Ch. 11: Zophar speaks to Job; “you deserve worse,” BUT “devote your heart to him…put away the sin that is in your hand.” Chapter 12: In the next several chapters, Job and his friends continue to discuss Job’s troubles and God as they know Him. If God punishes sinners, the friends conclude then there must be some secret sin that God knows, but they do not. In chapters 12 through 14, Job becomes more convinced that something is not adding up. Job knows God’s attributes, but he feels in his heart that he, himself, is right and his friends are being unfair. He is brought to tears over his loss of hope. Job calls his friends “worthless physicians” and wishes them to be silent. In our life, we too have experienced the feelings of “what have I done to deserve this?” We see Job’s knowledge of who God is and get a glimpse of his regard for God’s wisdom and power. He says in Chapter 13:15 “Though he slay me, yet will I have hope in him.” Our attitude of love, trust, and hu…

“A Plea to God”

Some have called Job “The Book of Human Suffering.” However, a more complete title must include the idea that the concept of God’s nature and man’s relationship to Him is also a theme. Some scholars believe the book of Job reveals to the reader some characteristics of God that preceded Moses’ writing of the first 5 books of the Bible. By exploring the book of Job, the reader can see that Job and his friend might have an incomplete knowledge of God, they did have a measure of faith in Him. They also knew that they needed to lead moral lives. They knew Him as the Creator of the world and man. They knew him as one who rewards good and punishes evil. They knew Him as one is gracious and who may be approached through sacrifices. They knew that a sinful man may turn to Him in repentance. But they did not know all the mystery or realize that he cannot defend himself against the words of his friends. He seems to be thinking that Bildad speaks the truth, and he agrees tha…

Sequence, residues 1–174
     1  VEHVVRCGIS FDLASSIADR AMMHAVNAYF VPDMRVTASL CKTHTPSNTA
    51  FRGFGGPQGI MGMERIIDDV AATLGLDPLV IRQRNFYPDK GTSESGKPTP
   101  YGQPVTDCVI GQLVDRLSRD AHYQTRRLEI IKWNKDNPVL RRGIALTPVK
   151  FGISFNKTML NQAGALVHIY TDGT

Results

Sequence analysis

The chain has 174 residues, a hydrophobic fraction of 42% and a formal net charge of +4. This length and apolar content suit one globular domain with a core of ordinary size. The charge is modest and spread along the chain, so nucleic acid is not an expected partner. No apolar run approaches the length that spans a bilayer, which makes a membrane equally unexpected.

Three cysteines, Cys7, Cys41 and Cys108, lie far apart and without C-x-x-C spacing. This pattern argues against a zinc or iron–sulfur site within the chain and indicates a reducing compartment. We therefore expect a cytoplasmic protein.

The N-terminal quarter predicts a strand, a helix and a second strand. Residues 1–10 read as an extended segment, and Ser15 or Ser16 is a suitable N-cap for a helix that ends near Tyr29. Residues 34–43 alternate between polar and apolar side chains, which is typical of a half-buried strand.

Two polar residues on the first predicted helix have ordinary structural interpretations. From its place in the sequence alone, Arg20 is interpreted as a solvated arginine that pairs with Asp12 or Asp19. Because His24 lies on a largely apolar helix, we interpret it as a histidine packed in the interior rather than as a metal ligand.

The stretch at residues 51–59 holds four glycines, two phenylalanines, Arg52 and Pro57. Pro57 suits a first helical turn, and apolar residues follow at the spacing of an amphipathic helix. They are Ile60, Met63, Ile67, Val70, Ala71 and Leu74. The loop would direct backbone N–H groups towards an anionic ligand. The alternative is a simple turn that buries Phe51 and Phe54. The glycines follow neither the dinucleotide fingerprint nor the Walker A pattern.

“Don’t be Scared of Satan”

If we are not careful, Job 1 can be a very scary reading.In this introductory chapter we find Satan lurking around this world, seeking someone to devour (I Peter 5.8).God is fully aware of what Satan is doing and willing to offer up His faithful servant Job as an example of someone who is living faithful.As the story unfolds, God allows Satan to take away almost everything that Job has: his family, his health, his wealth, and his reputation.Notice I said, “almost everything”, Job was left with his faith in God.Satan may be able to take away many things that we consider to be blessings, but he cannot take our faith.We alone have the power to decide whether we will hold to our faith or relinquish it. The scary part of the story is this, if God is willing to allow Satan to test Job, is He also willing to allow Satan to test me?I believe that is what the Bible teaches us not just here, but in many other places in Scripture.If God refused Satan the right to come after …